Probably the most interesting storyline is the one following Altair ibn La-Ahad, the protagonist of the first Assassin’s Creed. As mentioned before, each artifact Ezio recovers hold a unique memory from the life of Altair, and the player gets to experience them first hand. These memories follow the entire life of Altair, and they manage to bring new life into the character, which honestly wasn’t that interesting the first time we met him. These memories are diverse, with each one showing a different time in his life, and the events portrayed in them are really fun to play and watch unfold. While Ezio is Revelations’ main character, the life-story of Altair is definitely the highlight of the game when it comes to the plot.

While each character’s story is new and unique, the same cannot be said about the gameplay. Assassin’s Creed: Revelations does not stray far (or even at all) from what you’ve come to expect from an Assassin’s Creed game. Free-running across the rooftops of Constantinople is still as fun and intuitive as it was in previous installments of the series, and remains practically unchanged. This, of course, means that most of the annoying flaws are back as well, and while they are mostly unfelt throughout the game, they can quickly turn a simple race across the city into a frustrating trial of patience and perseverance. A new addition that helps make traveling around the city a bit faster is the Hookblade. With this new blade Ezio can climb faster and use ziplines to quickly move about the rooftops with speed and ease.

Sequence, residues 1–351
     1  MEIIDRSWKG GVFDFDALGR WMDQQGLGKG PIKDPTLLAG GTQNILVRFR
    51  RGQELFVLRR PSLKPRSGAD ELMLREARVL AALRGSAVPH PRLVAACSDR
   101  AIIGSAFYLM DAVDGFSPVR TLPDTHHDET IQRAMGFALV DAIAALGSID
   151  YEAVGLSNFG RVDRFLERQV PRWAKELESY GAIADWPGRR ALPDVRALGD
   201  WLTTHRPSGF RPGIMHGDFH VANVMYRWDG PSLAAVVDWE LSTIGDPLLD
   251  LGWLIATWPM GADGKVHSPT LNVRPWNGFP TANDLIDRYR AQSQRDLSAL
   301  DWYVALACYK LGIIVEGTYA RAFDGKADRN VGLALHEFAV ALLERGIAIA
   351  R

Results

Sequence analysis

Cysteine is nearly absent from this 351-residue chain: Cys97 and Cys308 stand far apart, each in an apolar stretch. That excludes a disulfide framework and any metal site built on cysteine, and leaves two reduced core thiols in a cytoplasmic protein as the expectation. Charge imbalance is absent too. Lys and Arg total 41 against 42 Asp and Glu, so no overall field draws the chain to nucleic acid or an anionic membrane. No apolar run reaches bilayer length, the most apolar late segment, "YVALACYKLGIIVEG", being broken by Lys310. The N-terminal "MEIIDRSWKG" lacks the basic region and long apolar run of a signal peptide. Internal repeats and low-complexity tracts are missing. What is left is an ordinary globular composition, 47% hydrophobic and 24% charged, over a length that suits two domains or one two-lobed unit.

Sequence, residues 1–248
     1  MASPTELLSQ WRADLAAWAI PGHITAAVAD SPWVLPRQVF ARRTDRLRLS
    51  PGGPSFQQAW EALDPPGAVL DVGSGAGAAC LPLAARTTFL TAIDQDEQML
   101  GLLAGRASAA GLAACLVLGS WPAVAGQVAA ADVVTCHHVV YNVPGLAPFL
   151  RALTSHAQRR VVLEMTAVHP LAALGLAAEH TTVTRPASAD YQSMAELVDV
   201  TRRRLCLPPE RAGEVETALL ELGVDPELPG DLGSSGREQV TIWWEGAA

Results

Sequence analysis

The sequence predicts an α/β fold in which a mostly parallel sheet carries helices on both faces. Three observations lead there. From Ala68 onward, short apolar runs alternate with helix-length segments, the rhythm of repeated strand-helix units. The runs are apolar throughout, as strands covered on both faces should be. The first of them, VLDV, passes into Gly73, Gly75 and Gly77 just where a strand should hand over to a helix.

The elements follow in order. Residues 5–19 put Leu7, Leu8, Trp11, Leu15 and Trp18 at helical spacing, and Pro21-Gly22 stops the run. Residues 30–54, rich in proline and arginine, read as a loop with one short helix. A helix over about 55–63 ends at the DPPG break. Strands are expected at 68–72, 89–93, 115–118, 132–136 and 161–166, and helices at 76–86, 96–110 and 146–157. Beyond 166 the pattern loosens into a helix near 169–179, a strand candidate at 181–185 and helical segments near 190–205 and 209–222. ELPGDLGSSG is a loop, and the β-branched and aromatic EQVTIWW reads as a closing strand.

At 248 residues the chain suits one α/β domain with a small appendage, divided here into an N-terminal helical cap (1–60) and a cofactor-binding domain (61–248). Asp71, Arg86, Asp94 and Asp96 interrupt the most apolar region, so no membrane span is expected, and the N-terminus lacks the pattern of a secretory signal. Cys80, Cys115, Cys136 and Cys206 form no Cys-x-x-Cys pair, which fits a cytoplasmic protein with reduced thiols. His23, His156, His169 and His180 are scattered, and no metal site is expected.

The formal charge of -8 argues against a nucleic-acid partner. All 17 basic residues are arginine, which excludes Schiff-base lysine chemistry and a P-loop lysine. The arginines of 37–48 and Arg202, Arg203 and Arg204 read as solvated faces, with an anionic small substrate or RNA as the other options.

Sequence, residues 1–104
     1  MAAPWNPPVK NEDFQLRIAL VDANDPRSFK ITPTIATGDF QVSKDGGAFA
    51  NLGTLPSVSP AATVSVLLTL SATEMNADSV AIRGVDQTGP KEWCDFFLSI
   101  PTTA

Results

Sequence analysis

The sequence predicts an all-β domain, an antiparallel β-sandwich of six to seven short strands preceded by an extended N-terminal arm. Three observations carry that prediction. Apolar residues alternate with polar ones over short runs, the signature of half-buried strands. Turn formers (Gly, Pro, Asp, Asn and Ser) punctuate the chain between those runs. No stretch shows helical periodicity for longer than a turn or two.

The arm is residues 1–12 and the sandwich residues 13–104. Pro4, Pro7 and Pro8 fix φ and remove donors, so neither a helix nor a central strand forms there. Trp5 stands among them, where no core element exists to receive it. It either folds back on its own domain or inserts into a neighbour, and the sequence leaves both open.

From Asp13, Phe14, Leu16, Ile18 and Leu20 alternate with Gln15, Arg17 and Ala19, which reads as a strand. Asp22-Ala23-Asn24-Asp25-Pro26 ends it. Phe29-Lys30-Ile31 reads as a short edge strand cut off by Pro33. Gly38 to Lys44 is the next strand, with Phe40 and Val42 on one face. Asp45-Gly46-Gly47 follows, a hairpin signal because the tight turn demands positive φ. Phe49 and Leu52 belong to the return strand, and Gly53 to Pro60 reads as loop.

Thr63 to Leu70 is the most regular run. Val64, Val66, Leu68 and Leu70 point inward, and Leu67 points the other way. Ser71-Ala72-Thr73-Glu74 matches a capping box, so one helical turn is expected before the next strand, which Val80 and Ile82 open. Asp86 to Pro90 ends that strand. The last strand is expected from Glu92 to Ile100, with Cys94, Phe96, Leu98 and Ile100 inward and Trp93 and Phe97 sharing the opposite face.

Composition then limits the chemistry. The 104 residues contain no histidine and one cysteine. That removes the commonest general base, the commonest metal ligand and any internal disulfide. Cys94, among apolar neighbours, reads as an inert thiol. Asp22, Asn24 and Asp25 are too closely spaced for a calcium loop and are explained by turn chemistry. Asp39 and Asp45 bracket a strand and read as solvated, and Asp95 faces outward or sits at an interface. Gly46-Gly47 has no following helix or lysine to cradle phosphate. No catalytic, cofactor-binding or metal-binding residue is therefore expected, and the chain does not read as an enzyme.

Another area where the Hookblade adds a little verity is the combat. As you probably guessed, the combat is exactly the same as it was in Brotherhood, with only a few new moves. It is now possible to use the Hookblade to “counter steal” during combat, a move that allows Ezio to loot guards without killing them during a fight. If a fight gets a little too crowded, Ezio can now launch himself off a guard into a sprint, thus avoiding being cornered by his pursuers. These new moves may sound great on paper, but in truth they add almost nothing to the combat experience, and won’t change your viewpoint on whether it’s fun and satisfying or way too easy.

So if both the free-running and the combat stayed pretty much the same, where does Revelations manage to innovate and improve on the Assassin’s Creed experience? Well, one new element is the bomb-crafting system. Sure, Ezio used smoke bombs before, but the Ottomans take bomb-making to a whole new level, with dozens of new types of bombs that can do almost anything. There are bombs for creating diversions, bombs to help Ezio escape his pursuers with ease, and of course bombs for good old fashioned mayhem and destruction. Each bomb is crafted from a shell, some gunpowder and an active ingredient that gives each bomb its unique effect. It is possible to mix-and-match these components to craft the perfect bombs for your play style, but once you find the bombs that work best for you, this overly complex system becomes a little redundant. Still, the addition of bombs into the combat system is a welcomed one, since a well placed bomb can change the odds of any battle.